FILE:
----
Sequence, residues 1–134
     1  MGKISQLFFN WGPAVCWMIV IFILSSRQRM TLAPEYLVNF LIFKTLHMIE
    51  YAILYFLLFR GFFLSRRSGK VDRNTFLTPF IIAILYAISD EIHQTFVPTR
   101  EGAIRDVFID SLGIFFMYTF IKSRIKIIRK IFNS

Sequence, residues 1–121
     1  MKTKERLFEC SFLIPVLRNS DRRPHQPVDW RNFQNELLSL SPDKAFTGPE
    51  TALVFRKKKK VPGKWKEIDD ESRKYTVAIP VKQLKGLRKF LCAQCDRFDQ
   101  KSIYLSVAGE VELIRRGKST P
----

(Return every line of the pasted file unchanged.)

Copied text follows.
Sequence, residues 1–134
     1  MGKISQLFFN WGPAVCWMIV IFILSSRQRM TLAPEYLVNF LIFKTLHMIE
    51  YAILYFLLFR GFFLSRRSGK VDRNTFLTPF IIAILYAISD EIHQTFVPTR
   101  EGAIRDVFID SLGIFFMYTF IKSRIKIIRK IFNS

Sequence, residues 1–121
     1  MKTKERLFEC SFLIPVLRNS DRRPHQPVDW RNFQNELLSL SPDKAFTGPE
    51  TALVFRKKKK VPGKWKEIDD ESRKYTVAIP VKQLKGLRKF LCAQCDRFDQ
   101  KSIYLSVAGE VELIRRGKST P